But that has not stopped U.S. Border Patrol agents in speedboats who detaining Canadian lobster boats in an area where fisherman from both countries are supposed to be allowed to work. This is the first time in memory that such a thing has happened.

Capt. Andrew Patterson, who leads birding groups to the remote island, said there was an incident just after the G-7 summit in Quebec where Trump was rude to Canadian Prime Minister Justin Trudeau.

 

Amarosa wrote a tell-all book, not kind to Trump, here are five bonkers reports from the book

The tell-all book by former Donald Trump associate Omarosa Manigault contains a collection of claims that boggle the mind — yet remain plausible considering what Americans have come to learn about the former businessman who was voted into the Oval Office in 2016, reports The Daily Beast.

 According to the Beast’s Gideon Resnick, Omarosa claims in her book that Trump wanted to use his ghostwritten “Art of the Deal” instead of a Bible for his swearing-in — and that is just the tip of the Trump narcissism iceberg.

Among Omarosa’s anecdotes in her book, ‘Unhinged,’ due out on Tuesday:

Trump and his swearing in.

“He asked me, ‘Omarosa, what do you think about me getting sworn in on “The Art of the Deal?”’ Omarosa recalls in the book.

 “I said, ‘Instead of the Bible?’” she said she replied, before adding that Trump attempted to make his case by boasting his book was a “bestseller.”

“It’s the greatest business book of all time. It’s how I’m going to make great deals for the country. Just think how many copies I’d sell—maybe a commemorative inauguration copy?!” Trump reportedly replied.

Talking about sex in front of daughter Ivanka.

According to Manigualt, former Kiss frontman Gene Simmons leered and make sexual comments about Ivanka in front of Trump during an Apprentice taping. And Trump seemed to encourage him.

 “During one long break, Gene [Simmons] and Donald engaged in language so profane, it would have raised eyebrows in prison,” Omarosa wrote. “Donald asked Gene, ‘What do you think of Ivanka? How’s she doing?’ ”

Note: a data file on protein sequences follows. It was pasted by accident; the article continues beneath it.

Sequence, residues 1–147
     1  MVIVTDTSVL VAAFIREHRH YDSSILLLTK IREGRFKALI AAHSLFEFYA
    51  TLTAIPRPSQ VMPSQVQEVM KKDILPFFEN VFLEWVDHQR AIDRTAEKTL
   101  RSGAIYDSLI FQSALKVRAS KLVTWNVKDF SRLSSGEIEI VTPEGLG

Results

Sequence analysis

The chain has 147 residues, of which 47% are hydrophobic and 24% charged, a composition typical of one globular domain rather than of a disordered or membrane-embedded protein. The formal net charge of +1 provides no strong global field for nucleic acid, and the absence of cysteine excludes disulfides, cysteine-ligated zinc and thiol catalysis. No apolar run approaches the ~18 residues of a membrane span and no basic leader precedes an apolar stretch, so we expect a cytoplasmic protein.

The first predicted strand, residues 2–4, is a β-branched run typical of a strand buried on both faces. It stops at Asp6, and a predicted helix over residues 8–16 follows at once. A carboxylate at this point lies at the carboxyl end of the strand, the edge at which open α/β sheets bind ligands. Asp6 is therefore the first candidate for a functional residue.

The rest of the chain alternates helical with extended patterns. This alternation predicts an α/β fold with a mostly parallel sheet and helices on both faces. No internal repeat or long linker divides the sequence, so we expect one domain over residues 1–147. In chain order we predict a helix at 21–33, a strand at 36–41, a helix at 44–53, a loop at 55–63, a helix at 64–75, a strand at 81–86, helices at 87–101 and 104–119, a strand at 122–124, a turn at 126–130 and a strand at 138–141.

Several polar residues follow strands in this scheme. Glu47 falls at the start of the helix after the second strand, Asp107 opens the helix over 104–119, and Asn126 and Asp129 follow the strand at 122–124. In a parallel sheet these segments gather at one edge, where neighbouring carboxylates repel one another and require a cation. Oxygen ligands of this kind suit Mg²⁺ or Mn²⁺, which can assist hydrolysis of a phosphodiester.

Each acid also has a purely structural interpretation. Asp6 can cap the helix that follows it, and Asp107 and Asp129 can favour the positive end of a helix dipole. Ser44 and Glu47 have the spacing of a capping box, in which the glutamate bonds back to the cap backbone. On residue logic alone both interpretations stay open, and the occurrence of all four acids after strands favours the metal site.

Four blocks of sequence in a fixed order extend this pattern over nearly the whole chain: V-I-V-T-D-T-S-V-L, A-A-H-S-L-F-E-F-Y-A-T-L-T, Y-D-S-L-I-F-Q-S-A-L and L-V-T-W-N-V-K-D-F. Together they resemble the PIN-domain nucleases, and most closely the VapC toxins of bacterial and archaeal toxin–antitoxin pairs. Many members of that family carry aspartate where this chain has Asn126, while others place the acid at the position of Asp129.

“What followed was a vile exchange, right in front of Ivanka, with Gene Simmons talking about her in a room full of people. While leering openly at her breasts, he said, ‘She’s a very, very sexy, desirable young woman who I’m looking forward to getting to know much better if you know what I mean, with all due respect.’”

 According to Manigualt, Ivanka protested to her dad but to no avail.

“Everyone else in the room was shocked, not by Gene’s language (we knew he was a disgusting pig), but by Donald’s obvious delight in hearing it. He had complete control of the boardroom. He could have shut it down at any point. But he didn’t,” she recalled.

Trump freaked out when the Apprentice lost an Emmy to “The Great Race.”

According to Omarosa, Trump stormed out of the TV awards ceremony with wife Melania in tow, and snarled on his way out.

 “I saw him briefly as he was walking up the aisle to leave the auditorium, and he was livid. ‘We were robbed! They cheated us!’ he said in full voice. ‘I’m so pissed, Omarosa. They cheated us!’ and then he was gone,” she wrote.

Trump and staffers were ecstatic when presidential opponent Hillary Clinton fell ill during the campaign.

“Lara [Trump] and the others said things like ‘She’s sick! She’s not going to to make it to election night! She’s sick!’” Omarosa described.

 “They were gleeful that Clinton appeared to be gravely ill. Many people in Trumpworld believed that she was concealing a serious neurological medical condition — Parkinson’s was mentioned often. They thought that her untreated pneumonia might have been the cause of her collapse, but if you truly had pneumonia, why would you go visit your infant granddaughter? Many suspected there was an underlying condition as well,” she added.

Trump called his eldest son, Donald Trumpo Jr. a “f*ck-up.”

The president was infuriated when Don Jr. released details about his infamous meeting with Russians at Trump Tower in 2016.

 “He is such a fuckup. He screwed up again, but this time, he’s screwing us all, big-time!” Trump reportedly raged.